Wednesday, 10 February 2021

REVIEW: Good Day Bad Day By Karen Featherstone online at Graeae

Graeae Theatre Companies Crips Without Constraints: Part Two has been showcasing some of the UK’s finest up and coming disabled writers and directors every Tuesday since January 16. Yesterday, February 10, Good Day Bad Day, was released and marks the end of the series. After the success of the first season of Crips Without Constraints, streamed online in Spring 2020, Part Two has consolidated the concept into a simple yet challenging format of five online short plays all innovative, thought provoking and entertaining in their own right. I can say that I have thoroughly enjoyed the privilege to review the majority of them.

Good day Bad Day written by Karen Featherstone and directed by Alexandra Whiteley is a short n sweet, sophisticated concept that offers an insight into the objectification of a disabled body and the continuous inner battle one has to go through to overcome it. 

Using the device of a split screen, a disabled woman played by Cherylee Houston (Coronation Street) is duplicated and shown conversing with herself. The first version of the woman has an optimistic point of view about ‘everyday’ interactions she has had with people uncomfortable or ignorant about her disability and the other has a pessimistic one. There is no right response presented here, just two extreme reactions debating balance amongst inequality.

Featherstone's writing cuts through the complexities people often project onto someone with a physiology different form their own. The double image highlights the frustration of a person who has to be in constant negotiation over how to react to what might be, for example, something intended as kindness but is in fact patronising and restrictive. Literally and metaphorically in this pice we are presented with the duplicity that exists in both actions and responses.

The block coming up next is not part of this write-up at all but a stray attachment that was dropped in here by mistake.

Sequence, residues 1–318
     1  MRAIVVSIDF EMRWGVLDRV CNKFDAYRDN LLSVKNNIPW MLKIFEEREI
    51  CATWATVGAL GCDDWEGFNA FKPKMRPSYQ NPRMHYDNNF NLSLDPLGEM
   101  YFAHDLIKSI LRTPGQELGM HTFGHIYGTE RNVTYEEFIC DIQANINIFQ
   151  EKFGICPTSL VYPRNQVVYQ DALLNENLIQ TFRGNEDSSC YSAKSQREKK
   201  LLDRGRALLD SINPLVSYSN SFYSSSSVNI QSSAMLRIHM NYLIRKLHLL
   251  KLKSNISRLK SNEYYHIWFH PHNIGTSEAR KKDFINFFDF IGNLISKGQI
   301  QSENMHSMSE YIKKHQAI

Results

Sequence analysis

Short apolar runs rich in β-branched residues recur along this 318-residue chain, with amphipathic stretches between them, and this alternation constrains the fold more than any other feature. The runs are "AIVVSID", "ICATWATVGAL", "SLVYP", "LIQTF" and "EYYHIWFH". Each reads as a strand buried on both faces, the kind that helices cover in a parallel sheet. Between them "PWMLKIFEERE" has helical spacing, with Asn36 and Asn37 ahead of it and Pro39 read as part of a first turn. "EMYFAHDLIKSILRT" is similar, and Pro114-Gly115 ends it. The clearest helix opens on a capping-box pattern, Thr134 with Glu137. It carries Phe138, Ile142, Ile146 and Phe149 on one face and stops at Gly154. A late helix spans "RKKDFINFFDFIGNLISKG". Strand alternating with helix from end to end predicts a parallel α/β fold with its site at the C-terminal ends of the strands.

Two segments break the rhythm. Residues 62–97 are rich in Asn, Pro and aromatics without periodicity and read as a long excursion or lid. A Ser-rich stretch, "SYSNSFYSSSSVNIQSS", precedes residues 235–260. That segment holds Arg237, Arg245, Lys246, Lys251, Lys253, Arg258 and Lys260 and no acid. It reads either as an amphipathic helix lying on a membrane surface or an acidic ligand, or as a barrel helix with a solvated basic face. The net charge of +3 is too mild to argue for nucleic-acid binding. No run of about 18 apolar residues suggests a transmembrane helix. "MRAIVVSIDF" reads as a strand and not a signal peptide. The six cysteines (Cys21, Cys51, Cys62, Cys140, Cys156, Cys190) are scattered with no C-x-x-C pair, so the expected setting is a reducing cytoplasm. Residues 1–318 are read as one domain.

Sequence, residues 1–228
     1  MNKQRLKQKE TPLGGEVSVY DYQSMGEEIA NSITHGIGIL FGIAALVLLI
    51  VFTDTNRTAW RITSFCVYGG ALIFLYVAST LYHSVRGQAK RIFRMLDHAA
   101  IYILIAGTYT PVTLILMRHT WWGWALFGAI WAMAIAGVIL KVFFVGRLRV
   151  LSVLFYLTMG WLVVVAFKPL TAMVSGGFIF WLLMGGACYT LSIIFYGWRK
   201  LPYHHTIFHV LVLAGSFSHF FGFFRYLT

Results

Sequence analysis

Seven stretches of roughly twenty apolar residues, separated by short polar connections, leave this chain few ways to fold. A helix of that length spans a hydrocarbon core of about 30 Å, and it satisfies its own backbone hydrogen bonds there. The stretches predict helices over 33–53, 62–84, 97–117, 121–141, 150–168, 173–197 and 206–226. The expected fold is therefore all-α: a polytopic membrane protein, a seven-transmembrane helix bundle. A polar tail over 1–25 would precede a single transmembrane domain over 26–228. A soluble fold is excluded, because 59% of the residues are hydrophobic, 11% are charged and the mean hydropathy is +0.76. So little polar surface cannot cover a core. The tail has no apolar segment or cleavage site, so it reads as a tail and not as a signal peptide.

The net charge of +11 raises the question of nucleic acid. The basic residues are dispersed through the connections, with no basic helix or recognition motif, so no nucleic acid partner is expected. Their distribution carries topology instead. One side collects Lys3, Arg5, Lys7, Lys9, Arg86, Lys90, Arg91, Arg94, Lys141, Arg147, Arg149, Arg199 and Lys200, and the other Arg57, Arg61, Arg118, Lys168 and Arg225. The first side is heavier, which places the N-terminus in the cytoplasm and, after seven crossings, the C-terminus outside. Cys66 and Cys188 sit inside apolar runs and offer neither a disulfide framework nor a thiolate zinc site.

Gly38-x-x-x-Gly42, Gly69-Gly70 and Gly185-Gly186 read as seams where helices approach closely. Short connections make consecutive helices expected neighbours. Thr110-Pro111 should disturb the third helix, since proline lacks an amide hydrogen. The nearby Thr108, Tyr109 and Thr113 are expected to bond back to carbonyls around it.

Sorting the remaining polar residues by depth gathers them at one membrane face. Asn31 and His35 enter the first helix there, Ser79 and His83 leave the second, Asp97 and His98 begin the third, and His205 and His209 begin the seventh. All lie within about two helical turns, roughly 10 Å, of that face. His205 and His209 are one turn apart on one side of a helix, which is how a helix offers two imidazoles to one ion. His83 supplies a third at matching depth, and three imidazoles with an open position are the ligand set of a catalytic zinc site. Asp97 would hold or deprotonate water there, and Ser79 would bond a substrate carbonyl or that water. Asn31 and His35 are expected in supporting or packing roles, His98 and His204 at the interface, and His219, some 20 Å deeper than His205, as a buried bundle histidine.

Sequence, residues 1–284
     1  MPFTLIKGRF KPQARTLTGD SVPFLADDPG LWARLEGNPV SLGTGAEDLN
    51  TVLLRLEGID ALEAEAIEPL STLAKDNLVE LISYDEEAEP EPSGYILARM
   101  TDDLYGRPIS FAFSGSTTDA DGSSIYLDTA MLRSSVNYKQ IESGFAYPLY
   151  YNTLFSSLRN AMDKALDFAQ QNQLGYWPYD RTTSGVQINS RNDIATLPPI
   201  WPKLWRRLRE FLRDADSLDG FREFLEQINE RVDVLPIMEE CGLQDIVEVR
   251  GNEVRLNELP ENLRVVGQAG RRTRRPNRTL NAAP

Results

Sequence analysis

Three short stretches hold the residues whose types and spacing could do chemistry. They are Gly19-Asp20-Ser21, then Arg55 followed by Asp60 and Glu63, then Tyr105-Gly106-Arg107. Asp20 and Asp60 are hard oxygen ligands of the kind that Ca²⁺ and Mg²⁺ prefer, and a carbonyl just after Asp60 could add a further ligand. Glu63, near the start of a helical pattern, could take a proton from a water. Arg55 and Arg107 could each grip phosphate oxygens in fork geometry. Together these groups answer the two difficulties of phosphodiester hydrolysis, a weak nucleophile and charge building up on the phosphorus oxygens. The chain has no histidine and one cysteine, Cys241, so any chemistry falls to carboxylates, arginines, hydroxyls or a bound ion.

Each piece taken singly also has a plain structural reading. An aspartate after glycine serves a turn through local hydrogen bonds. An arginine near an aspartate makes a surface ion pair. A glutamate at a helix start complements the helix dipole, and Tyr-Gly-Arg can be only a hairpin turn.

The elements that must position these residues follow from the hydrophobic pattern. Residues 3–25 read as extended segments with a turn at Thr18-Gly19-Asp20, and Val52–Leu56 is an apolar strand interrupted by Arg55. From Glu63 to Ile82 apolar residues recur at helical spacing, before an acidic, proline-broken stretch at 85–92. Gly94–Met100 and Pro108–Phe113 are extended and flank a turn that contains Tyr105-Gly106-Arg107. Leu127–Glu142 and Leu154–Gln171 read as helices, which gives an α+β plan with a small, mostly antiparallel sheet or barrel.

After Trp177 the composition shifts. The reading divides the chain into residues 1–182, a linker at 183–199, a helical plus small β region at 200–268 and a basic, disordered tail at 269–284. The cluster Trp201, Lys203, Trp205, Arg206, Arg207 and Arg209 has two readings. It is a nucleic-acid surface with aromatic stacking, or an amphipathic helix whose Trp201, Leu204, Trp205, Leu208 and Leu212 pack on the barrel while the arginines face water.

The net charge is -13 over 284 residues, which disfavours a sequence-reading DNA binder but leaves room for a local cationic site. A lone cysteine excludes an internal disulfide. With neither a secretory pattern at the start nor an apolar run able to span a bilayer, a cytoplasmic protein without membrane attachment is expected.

Houston offers a charismatic and honest performance. Her portrayal of the same, but different, character is effective and avoids the trap of being too ‘obvious’. Unfortunately she is slightly let down by the quality filming. Low production values can be overlooked to a point when the writing and performance are as captivating as they are here, however, very dim lighting and at times clunky editing slows the pace and makes the audience have to work a little harder. 

Graeae have successfully taken advantage of technology during a time when live theatre is not possible and used it to transmit powerful stories to an audience with no boundaries. Good Day Bad Day rounds up what has been an enjoyable month of online theatre.

You can catch each play online at: and

Each play will be released online every Tuesday at midday from 19 January until 16 February 2021. All pieces will be captioned and audio described.

Review by Stephanie Osztreicher

Rating: ★★★

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